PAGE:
Is this still organic gardening?

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writes:

pesticide residue remains ;( Frank
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"Organic" means many things to many people. For instance to a chemist "organic" means the matter is attached to a carbon molecule.
If you were to follow the true definition of an "organic garden" you would only use fertilizers of natural source (ie bloodmeal, bonemeal, manures etc). If you were to use synthetic fertilizers (such as 10-10-10 or 20-20-20) you would not be "organic" gardening.
Dave
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David Bunch wrote:

The USDA has regulations on what can and cannot be called organic. However, the regulations apply only to farms which have gross sales over $5000. Since this excludes most gardeners, the word organic means whatever you want it to, no more and no less.
As far as the USDA regulations are concerned, your compost with prohibited materials added would not be considered organic. As I recall, in order to be (sold as) organic compost, it has to reach a temperature of 140 F for some specified period of time (which I've forgotten) and has to be turned 5 times in 15 days.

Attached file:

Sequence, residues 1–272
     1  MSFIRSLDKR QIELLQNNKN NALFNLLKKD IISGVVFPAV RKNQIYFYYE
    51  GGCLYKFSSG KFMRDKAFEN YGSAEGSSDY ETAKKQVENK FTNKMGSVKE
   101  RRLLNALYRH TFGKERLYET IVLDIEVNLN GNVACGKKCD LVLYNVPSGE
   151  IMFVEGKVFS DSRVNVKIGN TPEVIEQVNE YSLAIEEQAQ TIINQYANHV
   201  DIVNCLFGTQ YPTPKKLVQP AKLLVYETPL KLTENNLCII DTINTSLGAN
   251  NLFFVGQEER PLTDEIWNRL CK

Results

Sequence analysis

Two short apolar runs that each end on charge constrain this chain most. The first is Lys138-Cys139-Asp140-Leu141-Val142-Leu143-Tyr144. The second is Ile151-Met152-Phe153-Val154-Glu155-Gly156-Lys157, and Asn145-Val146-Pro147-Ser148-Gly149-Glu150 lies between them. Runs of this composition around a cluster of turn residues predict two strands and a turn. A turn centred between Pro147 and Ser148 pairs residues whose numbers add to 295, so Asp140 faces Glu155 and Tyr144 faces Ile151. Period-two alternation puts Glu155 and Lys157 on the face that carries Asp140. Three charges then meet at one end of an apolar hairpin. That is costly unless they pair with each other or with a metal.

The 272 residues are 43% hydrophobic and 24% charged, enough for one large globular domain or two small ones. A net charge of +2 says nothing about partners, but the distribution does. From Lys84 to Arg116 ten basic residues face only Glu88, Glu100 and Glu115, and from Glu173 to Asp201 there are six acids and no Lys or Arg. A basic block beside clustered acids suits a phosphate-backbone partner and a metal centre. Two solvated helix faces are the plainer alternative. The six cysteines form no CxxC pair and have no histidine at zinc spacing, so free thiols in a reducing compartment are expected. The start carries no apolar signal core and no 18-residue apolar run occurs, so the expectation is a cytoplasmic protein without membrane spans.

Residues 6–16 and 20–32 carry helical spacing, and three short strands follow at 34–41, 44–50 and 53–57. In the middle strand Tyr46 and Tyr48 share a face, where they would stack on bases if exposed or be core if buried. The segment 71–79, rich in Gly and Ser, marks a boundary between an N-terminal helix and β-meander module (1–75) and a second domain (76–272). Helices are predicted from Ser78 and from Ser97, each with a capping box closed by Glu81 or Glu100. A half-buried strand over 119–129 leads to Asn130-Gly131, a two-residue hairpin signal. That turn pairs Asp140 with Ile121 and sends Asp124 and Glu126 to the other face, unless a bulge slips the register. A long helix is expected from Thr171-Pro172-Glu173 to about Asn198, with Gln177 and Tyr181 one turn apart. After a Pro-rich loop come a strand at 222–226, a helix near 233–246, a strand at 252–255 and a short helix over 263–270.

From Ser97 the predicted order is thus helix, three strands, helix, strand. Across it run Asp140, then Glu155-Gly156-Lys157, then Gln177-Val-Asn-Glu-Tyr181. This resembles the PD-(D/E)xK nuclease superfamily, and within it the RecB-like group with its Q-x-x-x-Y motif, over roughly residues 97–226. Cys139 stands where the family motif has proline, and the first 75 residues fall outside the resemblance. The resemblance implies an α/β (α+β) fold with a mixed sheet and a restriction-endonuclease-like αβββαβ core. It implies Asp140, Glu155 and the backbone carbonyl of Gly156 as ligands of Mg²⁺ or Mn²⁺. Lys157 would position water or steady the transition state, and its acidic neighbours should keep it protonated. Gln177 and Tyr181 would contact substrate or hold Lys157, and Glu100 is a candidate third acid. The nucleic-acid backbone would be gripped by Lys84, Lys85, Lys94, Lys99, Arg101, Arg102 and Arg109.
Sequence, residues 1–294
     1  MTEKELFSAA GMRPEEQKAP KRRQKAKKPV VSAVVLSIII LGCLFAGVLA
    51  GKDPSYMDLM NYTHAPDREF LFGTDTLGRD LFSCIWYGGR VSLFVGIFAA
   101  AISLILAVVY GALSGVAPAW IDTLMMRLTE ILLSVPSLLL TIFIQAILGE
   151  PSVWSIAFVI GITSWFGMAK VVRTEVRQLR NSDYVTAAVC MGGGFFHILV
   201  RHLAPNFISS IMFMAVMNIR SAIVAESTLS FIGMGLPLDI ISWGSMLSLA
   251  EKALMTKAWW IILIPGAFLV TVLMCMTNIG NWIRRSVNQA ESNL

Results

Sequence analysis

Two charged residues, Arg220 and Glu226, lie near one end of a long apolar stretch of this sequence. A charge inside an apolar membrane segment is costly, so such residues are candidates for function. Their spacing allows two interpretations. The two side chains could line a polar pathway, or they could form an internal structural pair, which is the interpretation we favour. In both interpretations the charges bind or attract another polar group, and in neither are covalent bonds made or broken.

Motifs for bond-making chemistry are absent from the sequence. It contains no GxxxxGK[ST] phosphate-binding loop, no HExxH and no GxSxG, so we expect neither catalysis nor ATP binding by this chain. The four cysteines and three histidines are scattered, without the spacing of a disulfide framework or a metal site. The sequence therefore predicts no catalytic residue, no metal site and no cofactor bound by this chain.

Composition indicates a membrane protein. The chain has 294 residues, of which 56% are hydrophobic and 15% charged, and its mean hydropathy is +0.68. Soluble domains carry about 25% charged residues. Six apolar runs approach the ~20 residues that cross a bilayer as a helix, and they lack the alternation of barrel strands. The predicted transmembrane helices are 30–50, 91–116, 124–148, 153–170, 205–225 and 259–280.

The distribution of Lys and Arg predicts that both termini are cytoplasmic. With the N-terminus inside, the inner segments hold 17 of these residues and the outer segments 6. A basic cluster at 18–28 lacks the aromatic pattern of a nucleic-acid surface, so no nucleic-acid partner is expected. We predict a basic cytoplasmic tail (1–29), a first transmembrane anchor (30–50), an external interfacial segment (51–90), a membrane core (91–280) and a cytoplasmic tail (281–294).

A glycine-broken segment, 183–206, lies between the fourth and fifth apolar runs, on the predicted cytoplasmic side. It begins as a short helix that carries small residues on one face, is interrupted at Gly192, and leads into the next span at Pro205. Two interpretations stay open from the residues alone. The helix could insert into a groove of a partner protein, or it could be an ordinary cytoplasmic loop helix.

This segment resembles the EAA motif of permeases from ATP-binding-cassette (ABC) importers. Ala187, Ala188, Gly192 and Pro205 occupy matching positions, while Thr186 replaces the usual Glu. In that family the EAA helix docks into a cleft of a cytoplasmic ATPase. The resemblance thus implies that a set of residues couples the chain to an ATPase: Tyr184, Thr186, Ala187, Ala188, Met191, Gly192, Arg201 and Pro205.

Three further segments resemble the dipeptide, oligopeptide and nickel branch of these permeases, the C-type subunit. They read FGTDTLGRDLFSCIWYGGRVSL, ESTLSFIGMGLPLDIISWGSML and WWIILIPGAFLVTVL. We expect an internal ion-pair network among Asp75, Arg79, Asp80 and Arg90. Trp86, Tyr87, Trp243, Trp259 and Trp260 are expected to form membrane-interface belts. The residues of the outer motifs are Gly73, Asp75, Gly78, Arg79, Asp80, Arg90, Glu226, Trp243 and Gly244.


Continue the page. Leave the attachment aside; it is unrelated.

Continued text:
What will the algae bloom do to the pond inhabitants? Sounds inconsistent with the idea of organic gardening, which considers more than just the garden.
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Hi Dwight
I believe you are referring to "certified organic".
I agree using algae bloom seems to be contrary to the idea of "organic gardening"
Dave
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David Bunch wrote:

It all depends on who defines the word "organic". See my <http://www.rossde.com/garden/garden_organic.html .
--

David E. Ross
<http://www.rossde.com/
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On Sun, 25 Jan 2004 01:26:11 +0000, David Bunch wrote:

Does it really matter? By the time everything's been composted, you are talking molecules.
Why pick nits?
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He picks nits because he's a lousy flea ridden stinky crackpot troll that gets off on talking stupid!!!!
None of you should bother taking his crazy proposal seriously in the first place because its obviously all flaming bull shit.
How long would it take bunch wad to compost into molecules? Not soon enough?

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If that is your intent, why not add an organic (rather than chemical) fertilizer to spur the bloom?
Seems to me you'd have to have a pretty large pond with a pretty significant bloom to generate much in the way of compostables..........
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